However, Xcel’s property tax expenses are not increasing because property tax rates have suddenly skyrocketed. Xcel’s property tax expenses are skyrocketing because they have more property to tax, i.e. wind turbines, natural gas plants, and transmission lines.
Therefore, we knew property tax expenses would increase if lawmakers Doubled Down on Minnesota’s renewable energy mandate. Total property tax expenses for the Renewable scenario were $8.27 billion, $4.19 billion for the Long-Term Nuclear scenario, $7.30 billion for the Short-Term Nuclear scenario, and $1.02 billion for the ACE scenario. Property tax payments for utilities were calculated to be 2 percent of the undepreciated cost of generation assets installed in each respective scenario, which is a midpoint of property tax expenditures for Xcel Energy, Minnesota Power, Otter Tail Power, and Great River Energy
Property taxes were highest in the Renewable scenario because companies are paying taxes on the wind turbines, solar panels, natural gas plants, and transmission lines. Costs are lower in the nuclear scenarios due to lower capital costs and transmission costs, and the ACE scenario is again the lowest cost because it is using existing infrastructure.
Transmission costs are important: Electricity generated does no good if it cannot be transported to the families and businesses who rely upon it. Our analysis found the Renewable scenario would cause transmission costs to increase by slightly more than $3 billion compared to 2016 costs. Both nuclear scenarios would cause transmission costs to increase by $100.4 million, whereas the ACE scenario would have minimal additional transmission costs because these power plants and transmission systems have already been built.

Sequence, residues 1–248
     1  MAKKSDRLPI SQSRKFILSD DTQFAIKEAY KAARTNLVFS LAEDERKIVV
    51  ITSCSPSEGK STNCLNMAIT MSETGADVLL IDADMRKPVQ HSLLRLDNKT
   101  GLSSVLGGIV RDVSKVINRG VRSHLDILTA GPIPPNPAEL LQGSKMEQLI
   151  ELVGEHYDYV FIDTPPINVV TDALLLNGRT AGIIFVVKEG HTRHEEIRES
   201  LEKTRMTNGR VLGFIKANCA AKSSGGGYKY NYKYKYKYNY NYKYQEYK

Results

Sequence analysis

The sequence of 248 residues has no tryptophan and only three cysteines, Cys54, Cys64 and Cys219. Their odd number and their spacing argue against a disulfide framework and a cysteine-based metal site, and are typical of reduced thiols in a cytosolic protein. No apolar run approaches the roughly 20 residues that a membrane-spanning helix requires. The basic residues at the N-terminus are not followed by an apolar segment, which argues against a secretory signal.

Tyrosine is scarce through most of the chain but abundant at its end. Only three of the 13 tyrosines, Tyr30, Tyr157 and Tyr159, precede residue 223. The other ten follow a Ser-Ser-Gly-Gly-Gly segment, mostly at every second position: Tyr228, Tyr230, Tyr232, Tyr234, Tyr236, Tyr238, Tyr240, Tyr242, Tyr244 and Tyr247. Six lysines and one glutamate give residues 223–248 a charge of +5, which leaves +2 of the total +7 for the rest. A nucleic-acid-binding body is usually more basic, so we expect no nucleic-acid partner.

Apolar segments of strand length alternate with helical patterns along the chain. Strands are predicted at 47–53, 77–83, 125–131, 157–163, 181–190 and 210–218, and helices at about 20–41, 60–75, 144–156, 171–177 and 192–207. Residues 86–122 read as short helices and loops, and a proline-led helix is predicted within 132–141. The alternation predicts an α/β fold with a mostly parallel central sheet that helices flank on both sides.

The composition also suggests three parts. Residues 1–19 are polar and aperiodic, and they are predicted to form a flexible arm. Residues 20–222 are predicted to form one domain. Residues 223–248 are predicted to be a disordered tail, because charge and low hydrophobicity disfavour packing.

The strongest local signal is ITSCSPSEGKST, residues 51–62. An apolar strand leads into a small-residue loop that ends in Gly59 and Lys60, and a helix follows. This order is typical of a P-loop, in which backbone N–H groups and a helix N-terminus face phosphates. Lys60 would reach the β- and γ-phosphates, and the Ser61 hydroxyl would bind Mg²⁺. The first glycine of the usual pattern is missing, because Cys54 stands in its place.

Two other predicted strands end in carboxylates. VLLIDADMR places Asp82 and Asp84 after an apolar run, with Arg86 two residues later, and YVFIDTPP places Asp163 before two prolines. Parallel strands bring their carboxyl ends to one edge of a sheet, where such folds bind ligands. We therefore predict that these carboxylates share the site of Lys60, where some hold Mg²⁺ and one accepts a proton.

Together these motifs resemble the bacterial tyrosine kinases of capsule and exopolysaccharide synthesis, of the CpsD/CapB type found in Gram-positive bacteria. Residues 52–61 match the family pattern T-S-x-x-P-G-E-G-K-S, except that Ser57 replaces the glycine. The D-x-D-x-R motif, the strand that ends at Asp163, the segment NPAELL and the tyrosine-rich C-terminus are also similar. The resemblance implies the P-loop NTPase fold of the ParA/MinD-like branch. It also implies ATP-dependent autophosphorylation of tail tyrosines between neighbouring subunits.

Transmission costs are higher under the Renewable scenario because wind turbines, and to a lesser extent solar installations, are frequently built far away from the areas where the electricity will be used by customers. High-voltage transmission lines routinely cost $1 million per mile.
Xcel Energy, Minnesota Power, Otter Tail Power, and Great River Energy are planning to build or purchase at least 1,846 megawatts (MW) of wind power from North and South Dakota.28 This is a large amount of wind capacity, the equivalent of half of all the wind turbines installed in Minnesota. Hundreds of miles of transmission lines must be built, and maintained, to transport this electricity to population centers in the Twin Cities Metro area.